The wholesalers’ market lay at the end of a long expanse of bare road, and even then its wares weren’t visible under long, sloping metal roofs. The entire site seemed to carry itself with a modest air, though it had the distinction of being the oldest of Singapore’s wholesale markets for fruits and vegetables. My father and I plunged into a maze of cardboard boxes and wooden pallets on our hunt for the cheapest produce.
Unlike other open-air markets I had been to, the place seemed swamped with a thick, stoic silence. There were few other visitors, and though it was the middle of the afternoon work there seemed to be carrying on at a slow, but steady pace. We had to pause every so often for small delivery vehicles that would cut out from sharp corners and hurtle down the concrete passageways, or reverse with a detached business. Shirtless men, ranging from middle-aged to the elderly, pushed trolleys laden with crates of oranges or sacks of onions in their wake. Others were busy unloading more produce from the backs of pickup trucks, oblivious to our approach. Work continued at a subtle, yet relentless pace as if the men were the gears in an invisible automaton that kept the market moving.
But as we ventured deeper, there appeared signs of a deeper, richer culture under its busy facade. Lacquered signboards painted with thick gilded Chinese characters would poke out over the dimly-lit corridors. Sometimes they overlooked a crisscross of wooden scaffolds or an abandoned swivel chair. Most times, they overlooked shops. At one block, piles of dried anchovies in three different sizes spilled out from the storefront of a supplier to traditional Chinese pharmacies, filling the air with a woody scent. They sat next to trays of deep brown Luohan fruit and stringy cordyceps, glistening under a pair of fluorescent lightbulbs. A small, wiry woman smiled at us from over a pair of thick glasses. My father spoke to her in Teochew: “I’m just showing my child what we used to eat in the past,” and though I couldn’t understand the rest of the conversation there was a gentle warmth that suddenly seemed to come between them. Altars to Chinese folk gods were omnipresent–whether tucked away at a low alcove in a corner or seated prominently at the back of the store, with the likeness of a smiling deity offering the grace of good business to its employees. An old man had just finished offering incense at a multi-tiered pagoda altar and walked away in quiet reflection.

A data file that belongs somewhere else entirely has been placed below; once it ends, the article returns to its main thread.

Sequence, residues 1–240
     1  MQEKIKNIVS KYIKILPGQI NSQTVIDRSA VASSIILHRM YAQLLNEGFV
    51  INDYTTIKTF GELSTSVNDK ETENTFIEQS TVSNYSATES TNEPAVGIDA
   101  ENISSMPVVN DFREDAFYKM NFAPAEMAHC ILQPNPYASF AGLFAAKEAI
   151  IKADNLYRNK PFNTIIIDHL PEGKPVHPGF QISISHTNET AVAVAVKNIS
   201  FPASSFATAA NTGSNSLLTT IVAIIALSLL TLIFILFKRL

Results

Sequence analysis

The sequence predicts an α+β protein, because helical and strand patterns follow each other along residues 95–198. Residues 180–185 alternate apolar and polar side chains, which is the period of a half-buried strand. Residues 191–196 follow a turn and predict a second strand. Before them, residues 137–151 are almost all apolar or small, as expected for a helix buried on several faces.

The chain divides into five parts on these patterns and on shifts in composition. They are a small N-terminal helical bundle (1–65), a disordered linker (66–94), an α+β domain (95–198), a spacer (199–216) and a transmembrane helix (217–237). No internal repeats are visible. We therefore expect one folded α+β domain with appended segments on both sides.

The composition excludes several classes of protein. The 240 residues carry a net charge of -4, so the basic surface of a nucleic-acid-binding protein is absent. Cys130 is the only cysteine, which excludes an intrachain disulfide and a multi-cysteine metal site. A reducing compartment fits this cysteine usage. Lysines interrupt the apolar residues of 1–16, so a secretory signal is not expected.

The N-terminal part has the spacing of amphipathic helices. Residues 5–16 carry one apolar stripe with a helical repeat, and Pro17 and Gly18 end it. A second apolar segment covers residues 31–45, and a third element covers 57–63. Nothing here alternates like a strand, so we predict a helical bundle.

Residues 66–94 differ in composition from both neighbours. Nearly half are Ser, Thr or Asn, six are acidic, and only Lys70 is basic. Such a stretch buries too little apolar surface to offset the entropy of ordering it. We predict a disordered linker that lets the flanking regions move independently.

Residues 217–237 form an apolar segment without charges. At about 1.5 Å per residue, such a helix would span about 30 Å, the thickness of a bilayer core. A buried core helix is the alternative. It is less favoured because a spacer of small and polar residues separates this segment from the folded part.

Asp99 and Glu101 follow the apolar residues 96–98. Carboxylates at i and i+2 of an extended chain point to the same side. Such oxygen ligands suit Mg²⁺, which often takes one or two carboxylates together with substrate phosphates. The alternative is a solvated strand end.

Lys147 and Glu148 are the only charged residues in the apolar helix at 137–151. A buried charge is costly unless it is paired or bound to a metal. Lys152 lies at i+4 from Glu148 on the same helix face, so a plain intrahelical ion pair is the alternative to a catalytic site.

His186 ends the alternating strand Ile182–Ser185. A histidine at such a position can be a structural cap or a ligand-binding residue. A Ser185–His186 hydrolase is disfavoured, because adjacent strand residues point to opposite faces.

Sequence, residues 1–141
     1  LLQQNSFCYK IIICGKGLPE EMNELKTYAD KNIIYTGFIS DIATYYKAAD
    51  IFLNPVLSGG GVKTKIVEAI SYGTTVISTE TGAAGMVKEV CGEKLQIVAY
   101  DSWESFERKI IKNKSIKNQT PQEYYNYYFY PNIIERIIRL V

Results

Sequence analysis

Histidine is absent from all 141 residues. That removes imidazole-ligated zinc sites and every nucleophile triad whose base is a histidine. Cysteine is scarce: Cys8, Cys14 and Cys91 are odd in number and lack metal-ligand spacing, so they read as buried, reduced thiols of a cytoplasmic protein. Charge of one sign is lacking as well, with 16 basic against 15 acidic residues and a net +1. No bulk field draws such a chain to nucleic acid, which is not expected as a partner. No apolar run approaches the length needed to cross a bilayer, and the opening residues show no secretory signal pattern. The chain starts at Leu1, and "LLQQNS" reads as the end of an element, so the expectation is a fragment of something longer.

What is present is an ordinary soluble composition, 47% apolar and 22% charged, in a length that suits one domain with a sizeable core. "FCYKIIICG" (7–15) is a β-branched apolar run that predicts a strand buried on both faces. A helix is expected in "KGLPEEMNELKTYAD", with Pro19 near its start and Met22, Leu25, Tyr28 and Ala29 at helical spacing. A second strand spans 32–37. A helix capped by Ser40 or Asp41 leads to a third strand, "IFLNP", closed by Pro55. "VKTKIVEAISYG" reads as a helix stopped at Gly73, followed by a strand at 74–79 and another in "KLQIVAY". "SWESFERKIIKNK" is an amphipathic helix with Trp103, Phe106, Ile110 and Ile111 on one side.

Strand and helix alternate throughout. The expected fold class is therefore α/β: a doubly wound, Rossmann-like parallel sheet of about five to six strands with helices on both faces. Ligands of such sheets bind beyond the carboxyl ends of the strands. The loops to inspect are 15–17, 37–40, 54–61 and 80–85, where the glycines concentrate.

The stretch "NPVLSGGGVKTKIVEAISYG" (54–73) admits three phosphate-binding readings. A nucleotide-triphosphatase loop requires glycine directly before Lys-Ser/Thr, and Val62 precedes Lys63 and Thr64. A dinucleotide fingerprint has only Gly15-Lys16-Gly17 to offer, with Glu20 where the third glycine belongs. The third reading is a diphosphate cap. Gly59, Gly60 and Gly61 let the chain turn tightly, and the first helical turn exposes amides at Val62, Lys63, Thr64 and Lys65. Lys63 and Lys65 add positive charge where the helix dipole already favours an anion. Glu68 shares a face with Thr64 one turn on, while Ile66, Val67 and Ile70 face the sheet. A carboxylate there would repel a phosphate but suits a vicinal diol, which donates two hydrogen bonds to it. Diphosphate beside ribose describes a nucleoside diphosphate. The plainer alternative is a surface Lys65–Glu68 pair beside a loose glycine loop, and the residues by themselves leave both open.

The market was, in a way, a string of anachronisms. Tradition rubbed shoulders with modernity, and the old with the new. The pride of the many people who were invested with the market and its business had given the site a quiet pulse. Though heavily commercial, the market also bore the stamp of the generations of people who lived and toiled there, imprinting its concrete exterior with markers of their hopes and dreams. And though their mode of business will change over the years, I don’t doubt that their successors will continue to do the same, even in the seemingly humdrum pursuit of thriving business.